anonymous
  • anonymous
What is the equation of the axis of symmetry of the graph of y + 3x – 6 = –3(x – 2)2 + 4?
Algebra
jamiebookeater
  • jamiebookeater
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campbell_st
  • campbell_st
well you need to distribute and collect like terms so the curve is in the form \[y = ax^2 + bx + c\] then the line of symmetry is \[x = \frac{-b}{2 \times a}\] hope it helps
anonymous
  • anonymous
i know i need to simplify the equation, how do i do this?
campbell_st
  • campbell_st
well start with the perfect square \[(x -2)^2 =?\] what does that become

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anonymous
  • anonymous
x squared minus 4?
campbell_st
  • campbell_st
nope \[(x -2)^2 = (x -2) \times (x -2) \] which can be written as \[x(x -2) - 2(x-2)\] can you distribute this..?
anonymous
  • anonymous
x^2-2x-2x+4?
campbell_st
  • campbell_st
great so its \[x^2 - 4x + 4\] so you now have \[y + 3x - 6 = -3(x^2 - 4x + 4) + 4\] so distribute the -3
anonymous
  • anonymous
-3x^2+12x-12+4
anonymous
  • anonymous
then subtract the 3x from 12x?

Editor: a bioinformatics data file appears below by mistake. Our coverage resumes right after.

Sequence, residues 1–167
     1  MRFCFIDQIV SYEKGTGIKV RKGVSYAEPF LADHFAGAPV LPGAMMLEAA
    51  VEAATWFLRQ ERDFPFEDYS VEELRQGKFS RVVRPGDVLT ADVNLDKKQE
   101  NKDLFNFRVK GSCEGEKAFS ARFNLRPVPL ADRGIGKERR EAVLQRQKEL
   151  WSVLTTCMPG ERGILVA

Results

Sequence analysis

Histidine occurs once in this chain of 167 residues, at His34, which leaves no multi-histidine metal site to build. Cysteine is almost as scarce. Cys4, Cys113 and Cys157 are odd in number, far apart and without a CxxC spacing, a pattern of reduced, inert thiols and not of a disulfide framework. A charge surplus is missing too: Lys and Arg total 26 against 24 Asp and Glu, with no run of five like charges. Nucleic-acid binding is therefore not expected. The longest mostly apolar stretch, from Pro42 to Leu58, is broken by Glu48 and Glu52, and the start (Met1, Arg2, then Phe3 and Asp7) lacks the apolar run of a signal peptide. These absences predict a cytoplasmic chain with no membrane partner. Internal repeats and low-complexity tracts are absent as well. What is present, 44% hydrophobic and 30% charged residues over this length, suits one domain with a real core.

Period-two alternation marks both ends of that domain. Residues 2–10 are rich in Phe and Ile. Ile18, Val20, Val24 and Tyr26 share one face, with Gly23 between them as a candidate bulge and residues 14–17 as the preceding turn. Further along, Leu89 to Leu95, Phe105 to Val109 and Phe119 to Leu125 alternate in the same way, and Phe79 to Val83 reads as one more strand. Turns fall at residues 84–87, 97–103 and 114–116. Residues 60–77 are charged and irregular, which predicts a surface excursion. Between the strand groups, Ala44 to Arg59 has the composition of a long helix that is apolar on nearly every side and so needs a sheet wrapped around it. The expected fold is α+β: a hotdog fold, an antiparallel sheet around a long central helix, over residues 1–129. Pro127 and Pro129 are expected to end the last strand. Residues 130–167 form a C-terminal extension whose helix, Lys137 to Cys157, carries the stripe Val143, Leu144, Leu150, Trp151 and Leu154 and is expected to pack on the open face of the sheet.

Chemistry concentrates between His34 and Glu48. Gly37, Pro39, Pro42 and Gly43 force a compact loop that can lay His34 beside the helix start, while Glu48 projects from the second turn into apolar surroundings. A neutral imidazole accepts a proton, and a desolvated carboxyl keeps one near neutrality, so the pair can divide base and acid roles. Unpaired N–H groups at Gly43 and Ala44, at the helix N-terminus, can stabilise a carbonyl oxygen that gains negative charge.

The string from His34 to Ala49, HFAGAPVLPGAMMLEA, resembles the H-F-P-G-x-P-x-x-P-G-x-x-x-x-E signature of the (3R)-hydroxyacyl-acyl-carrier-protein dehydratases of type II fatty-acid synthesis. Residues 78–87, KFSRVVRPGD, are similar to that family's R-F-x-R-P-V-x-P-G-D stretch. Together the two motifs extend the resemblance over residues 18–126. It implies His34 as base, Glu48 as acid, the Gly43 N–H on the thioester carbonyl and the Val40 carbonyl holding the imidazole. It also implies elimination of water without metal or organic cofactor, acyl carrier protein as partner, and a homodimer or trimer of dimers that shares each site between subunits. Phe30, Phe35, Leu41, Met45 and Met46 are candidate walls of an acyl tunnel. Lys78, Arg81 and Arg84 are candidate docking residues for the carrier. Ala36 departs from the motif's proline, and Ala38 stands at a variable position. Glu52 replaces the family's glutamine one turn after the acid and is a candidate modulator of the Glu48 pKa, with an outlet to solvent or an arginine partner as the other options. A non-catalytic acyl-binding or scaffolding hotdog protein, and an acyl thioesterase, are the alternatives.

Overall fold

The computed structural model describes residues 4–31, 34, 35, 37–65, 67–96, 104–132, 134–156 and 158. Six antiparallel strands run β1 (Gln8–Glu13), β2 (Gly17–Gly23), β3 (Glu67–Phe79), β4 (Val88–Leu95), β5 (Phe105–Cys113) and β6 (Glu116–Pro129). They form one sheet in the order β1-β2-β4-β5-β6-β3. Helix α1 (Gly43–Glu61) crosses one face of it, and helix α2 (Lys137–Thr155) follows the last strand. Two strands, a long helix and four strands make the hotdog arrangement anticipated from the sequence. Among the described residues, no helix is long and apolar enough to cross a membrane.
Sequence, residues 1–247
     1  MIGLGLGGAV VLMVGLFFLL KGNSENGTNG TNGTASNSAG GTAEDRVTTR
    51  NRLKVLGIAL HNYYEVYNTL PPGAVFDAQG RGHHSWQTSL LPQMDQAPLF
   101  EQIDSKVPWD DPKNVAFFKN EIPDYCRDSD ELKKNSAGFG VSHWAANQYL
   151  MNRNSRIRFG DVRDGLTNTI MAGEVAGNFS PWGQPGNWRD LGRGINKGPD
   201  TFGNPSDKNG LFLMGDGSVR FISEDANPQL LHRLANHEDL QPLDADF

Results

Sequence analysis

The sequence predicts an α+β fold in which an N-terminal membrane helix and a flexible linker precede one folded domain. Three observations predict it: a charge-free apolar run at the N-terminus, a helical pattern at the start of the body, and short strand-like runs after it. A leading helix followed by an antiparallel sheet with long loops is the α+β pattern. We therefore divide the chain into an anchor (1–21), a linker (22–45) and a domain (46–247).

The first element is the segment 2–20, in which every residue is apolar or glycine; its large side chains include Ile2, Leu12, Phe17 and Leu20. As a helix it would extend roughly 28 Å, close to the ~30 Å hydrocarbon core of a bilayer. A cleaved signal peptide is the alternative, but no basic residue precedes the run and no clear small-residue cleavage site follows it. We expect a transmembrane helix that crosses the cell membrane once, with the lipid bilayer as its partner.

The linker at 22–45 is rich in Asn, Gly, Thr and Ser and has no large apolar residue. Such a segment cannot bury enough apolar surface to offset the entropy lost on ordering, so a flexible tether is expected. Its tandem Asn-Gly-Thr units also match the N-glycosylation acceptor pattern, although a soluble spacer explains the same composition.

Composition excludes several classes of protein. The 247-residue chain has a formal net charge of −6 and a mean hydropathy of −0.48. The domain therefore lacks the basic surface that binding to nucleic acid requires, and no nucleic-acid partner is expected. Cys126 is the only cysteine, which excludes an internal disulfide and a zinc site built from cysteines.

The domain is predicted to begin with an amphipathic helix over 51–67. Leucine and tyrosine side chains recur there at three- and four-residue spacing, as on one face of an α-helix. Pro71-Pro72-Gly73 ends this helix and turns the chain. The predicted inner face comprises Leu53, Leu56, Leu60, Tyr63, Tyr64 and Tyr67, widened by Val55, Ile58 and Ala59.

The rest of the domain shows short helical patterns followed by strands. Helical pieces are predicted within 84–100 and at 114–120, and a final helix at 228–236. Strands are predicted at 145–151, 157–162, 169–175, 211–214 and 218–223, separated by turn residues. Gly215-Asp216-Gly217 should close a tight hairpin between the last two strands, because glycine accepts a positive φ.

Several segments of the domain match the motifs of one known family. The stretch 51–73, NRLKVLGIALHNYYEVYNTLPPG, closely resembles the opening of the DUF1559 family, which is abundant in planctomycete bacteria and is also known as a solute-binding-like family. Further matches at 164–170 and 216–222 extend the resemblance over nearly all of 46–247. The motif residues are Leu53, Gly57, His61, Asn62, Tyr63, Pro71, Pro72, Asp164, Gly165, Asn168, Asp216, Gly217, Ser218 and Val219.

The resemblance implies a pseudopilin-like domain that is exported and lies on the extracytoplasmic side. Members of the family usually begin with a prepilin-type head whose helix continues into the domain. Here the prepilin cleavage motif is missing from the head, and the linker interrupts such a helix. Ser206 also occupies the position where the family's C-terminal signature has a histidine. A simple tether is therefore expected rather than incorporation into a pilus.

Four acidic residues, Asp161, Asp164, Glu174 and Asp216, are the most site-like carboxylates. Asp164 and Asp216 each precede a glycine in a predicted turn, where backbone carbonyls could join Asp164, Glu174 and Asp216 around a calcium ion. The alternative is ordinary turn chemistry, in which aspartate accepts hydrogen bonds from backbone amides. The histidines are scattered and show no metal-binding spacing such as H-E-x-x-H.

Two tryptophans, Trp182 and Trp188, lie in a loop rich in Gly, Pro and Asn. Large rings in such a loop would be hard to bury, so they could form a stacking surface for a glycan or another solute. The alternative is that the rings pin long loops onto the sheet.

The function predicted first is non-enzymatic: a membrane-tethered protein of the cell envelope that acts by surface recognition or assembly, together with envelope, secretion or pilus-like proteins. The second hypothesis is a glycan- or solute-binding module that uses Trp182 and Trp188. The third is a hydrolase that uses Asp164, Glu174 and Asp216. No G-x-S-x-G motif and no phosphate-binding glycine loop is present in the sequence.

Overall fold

campbell_st
  • campbell_st
that's good so its \[y +3x - 6 = -3x^2 +12x -8\] next add 6 to both sides of the equation
campbell_st
  • campbell_st
then lastly subtract 3 from both sides of the equation
campbell_st
  • campbell_st
oops 3x
campbell_st
  • campbell_st
so you will then have the coefficients for a and b and can find the line of symmetry
campbell_st
  • campbell_st
an alternative method is to start by factoring the right side \[y + 3(x -2) = -3(x -2)^2 + 4\] subtract 3(x -2) from both sides \[y = -3(x -2)^2 -3(x -2) + 4\] so the coefficients are b = -3 and a = -3 and you are solving for (x -2) so the line of symmetry \[x -2 = \frac{-(-3)}{2 \times -3}\] which is \[x - 2 = \frac{-1}{2}\] now solve for x

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